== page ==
Dual mass flywheel technology is becoming more prominent despite consumer concerns

The technology, which is intended to gradually replace traditional solid mass flywheels - particularly in diesel cars - is known to suffer from problems including excessive wear. This has led to many consumers becoming worried about the cost of replacement. In response, some manufacturers have now begun to focus on providing cheaper solid mass flywheels as motorists look to save money on repairs.

While traditional solid mass flywheels have been the norm for many years, dual mass flywheels are a relatively recent innovation and have become much more prominent in the market over the last 10 years. They are designed to deal with the increased power of modern engines more efficiently by allowing the crankshaft to move independently of the flywheel, thus providing a smoother experience for the motorist. They also provide protection to other drive train components by soaking up "torque spikes" that could otherwise damage the gearbox. Despite this, many consumers have found that dual mass flywheels wear out faster than solid mass flywheels, and replacement costs have been increasing in recent years.

Some motorists have complained that a replacement dual mass flywheel can cost upwards of GBP1,000, as opposed to a solid mass flywheel that on average costs less than half this. Prices remain high as specialist equipment is required to fit dual mass flywheels and the technology and materials used to manufacture them mean that they retail at a higher value. As a result, some companies have begun to react to consumer demand by focusing on solid mass flywheel technology, even offering replacement parts for new vehicles that ordinarily come with a dual mass flywheel.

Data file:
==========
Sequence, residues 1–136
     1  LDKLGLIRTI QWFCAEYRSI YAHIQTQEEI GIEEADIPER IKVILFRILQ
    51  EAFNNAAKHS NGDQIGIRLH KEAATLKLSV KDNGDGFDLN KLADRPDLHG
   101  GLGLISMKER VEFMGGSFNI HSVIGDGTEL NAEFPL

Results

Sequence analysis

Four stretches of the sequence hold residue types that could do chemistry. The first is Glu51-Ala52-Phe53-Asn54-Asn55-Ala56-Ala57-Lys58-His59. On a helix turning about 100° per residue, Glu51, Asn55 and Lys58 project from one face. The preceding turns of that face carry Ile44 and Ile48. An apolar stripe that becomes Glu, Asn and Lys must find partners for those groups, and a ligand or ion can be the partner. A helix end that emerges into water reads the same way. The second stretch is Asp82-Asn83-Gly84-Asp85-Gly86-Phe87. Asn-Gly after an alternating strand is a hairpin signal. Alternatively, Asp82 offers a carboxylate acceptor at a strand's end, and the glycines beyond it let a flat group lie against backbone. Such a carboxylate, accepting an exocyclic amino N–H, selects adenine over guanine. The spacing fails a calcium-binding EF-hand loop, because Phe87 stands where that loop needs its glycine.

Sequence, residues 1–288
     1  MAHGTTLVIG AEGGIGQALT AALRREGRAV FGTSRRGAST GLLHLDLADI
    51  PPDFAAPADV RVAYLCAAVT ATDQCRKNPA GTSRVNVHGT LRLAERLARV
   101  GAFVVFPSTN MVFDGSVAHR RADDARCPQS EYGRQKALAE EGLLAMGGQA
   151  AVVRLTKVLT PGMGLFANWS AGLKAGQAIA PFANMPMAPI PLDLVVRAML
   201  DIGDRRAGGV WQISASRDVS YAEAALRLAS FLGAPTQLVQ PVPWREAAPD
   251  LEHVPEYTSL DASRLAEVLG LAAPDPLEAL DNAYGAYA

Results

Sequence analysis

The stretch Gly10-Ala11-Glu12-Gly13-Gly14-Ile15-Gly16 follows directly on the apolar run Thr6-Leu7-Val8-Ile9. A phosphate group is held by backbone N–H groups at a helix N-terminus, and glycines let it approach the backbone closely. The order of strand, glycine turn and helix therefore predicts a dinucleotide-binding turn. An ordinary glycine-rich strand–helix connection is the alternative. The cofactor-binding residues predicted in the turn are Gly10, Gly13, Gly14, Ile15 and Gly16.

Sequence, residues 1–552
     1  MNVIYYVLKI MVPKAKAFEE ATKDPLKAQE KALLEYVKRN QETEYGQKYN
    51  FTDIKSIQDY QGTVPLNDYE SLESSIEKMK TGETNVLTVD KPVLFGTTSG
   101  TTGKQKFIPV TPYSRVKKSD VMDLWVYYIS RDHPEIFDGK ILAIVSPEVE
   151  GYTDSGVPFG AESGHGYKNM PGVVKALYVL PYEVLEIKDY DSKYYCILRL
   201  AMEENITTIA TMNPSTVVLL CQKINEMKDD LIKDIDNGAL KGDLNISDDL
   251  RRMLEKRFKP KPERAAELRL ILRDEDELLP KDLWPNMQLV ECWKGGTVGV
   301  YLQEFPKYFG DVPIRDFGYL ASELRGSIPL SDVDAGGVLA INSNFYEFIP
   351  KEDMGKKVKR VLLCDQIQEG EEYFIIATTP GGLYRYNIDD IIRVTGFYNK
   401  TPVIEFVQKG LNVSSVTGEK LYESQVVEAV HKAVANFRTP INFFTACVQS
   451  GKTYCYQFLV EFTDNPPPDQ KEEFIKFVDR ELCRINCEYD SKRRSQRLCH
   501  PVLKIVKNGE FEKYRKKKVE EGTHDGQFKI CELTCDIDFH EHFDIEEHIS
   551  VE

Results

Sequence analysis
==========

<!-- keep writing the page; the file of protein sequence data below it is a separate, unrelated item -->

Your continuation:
However, while they are seen as a far more reliable option solid mass flywheels can place more pressure on the drive train, which could potentially cause damage to items such as the gearbox in the long term. That said, as consumers become more cost conscious, investing in this technology may prove to be a shrewd move as demand for lower priced replacement parts increases.

Despite this, industry experts have predicted that in mature markets dual mass flywheels will become the norm within the next 10 years. These flywheels are more prominent among diesel vehicles due to their engine power, and as dieselization increases across Europe, they will become more common at both the original equipment manufacturer and aftermarket levels. However, manufacturers will have to work hard to adapt their technology to last longer and cost less if they want consumers to fully embrace this new technology if and when the time for replacement arrives; if not, many motorists will choose to revert to solid mass flywheels in order to save money.